A View of Bologna at The Time of Dante by Francis S. Swales from 1931. A veritable forest announcing its presence to the surrounding landscape.

All the elements of Verticality are here. These families needed to escape the surface of the earth and built towers to do so. The added height provided them with safety and access to light and air, as well as a status symbol among the townsfolk. The aggregate of all the towers also announced the presence and wealth of Bologna to the surrounding landscape, as if to say we're important and rich, look at all the towers we've built! Not many of the towers still exist today, but back in the day there was a veritable forest rising above the city walls.

11 February 2019

Stacking Suburbia

A cartoon by A.B. Walker from Life Magazine in 1909. Reprinted in Delirious New York by Rem Koolhaas,  pg 83.

One of the major challenges with the high places we construct is that we're built for a surface-based existence. The surface is where the action is, and it's where our species has lived and evolved since before we colonized the world. Even the Ancient Romans called their six- to seven-story apartment buildings insulae, which is Latin for island, symbolizing the isolation that comes with living and working away from the surface. The advent of the modern skyscraper brought with it the possibility of living and working far, far away from the surface, which creates a special set of problems. How can we recreate the variety of the surface in the sky?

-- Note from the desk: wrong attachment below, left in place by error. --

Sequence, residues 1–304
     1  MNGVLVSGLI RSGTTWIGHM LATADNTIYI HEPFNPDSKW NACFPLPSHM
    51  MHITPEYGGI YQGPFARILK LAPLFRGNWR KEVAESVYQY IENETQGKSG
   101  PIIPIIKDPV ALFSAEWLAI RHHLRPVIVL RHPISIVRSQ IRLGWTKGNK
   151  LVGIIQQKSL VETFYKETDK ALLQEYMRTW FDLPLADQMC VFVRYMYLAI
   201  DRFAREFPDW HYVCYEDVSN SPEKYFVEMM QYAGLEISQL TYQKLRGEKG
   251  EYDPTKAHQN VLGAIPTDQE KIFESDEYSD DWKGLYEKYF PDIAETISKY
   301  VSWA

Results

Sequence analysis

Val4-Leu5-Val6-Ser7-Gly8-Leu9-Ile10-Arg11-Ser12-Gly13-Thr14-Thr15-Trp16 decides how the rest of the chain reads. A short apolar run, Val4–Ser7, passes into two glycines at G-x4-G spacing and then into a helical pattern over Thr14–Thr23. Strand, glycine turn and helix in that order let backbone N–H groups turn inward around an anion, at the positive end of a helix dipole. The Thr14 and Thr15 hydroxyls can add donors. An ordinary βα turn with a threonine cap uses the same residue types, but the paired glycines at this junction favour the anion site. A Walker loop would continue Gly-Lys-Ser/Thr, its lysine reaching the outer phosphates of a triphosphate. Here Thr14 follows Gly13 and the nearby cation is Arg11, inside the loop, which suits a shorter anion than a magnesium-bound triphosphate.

Take a look at this cartoon by A.B. Walker from Life Magazine from 1909. It shows a skyscraper that stacks suburban homes on top of each other. Consider living like this for a moment. Would you be willing to take an elevator to get to your single-family home, 100 meters above the surface? Would this be more desirable than a typical apartment in a high-rise building? It's an entertaining thought to ponder, and an interesting mashup of different paradigms of living in the modern world. You'd be living in a suburban dwelling, but you wouldn't be living in the suburbs. What you do get is a single-family detached home; what you don't get is easy access to the surface next to you or the sky above you. You'd have a roof over the roof above your head, and you'd need to take an elevator ride to get to your actual front door.

5 February 2019

Man Vs. Nature

A graphic from Le Petit Larousse Illustré, called Man Vs. Nature from 1925.

A bit of context can change many things. Take a look at this drawing, titled Man Vs. Nature from a 1925 edition of Le Petit Larousse Illustré. The graphic compares the tallest works of architecture at the time to major mountain peaks from nature. It's a reality check to consider the size of the Eiffel Tower in Paris, shown as a tiny speck on the bottom left of the image. It's quite humbling that our tallest, most important buildings are mere crumbs compared to the giants of nature. Currently, our greatest achievement of height is the Kingdom Tower, under construction in Saudi Arabia and designed by Adrian Smith + Gordon Gill Architecture. That tower is planned to be 1 kilometer (3,281 feet) tall, which is the height of the first horizontal zone in this drawing. Humans can have profound effects on our environment, but our greatest physical achievements come nowhere close to the sheer scale of it.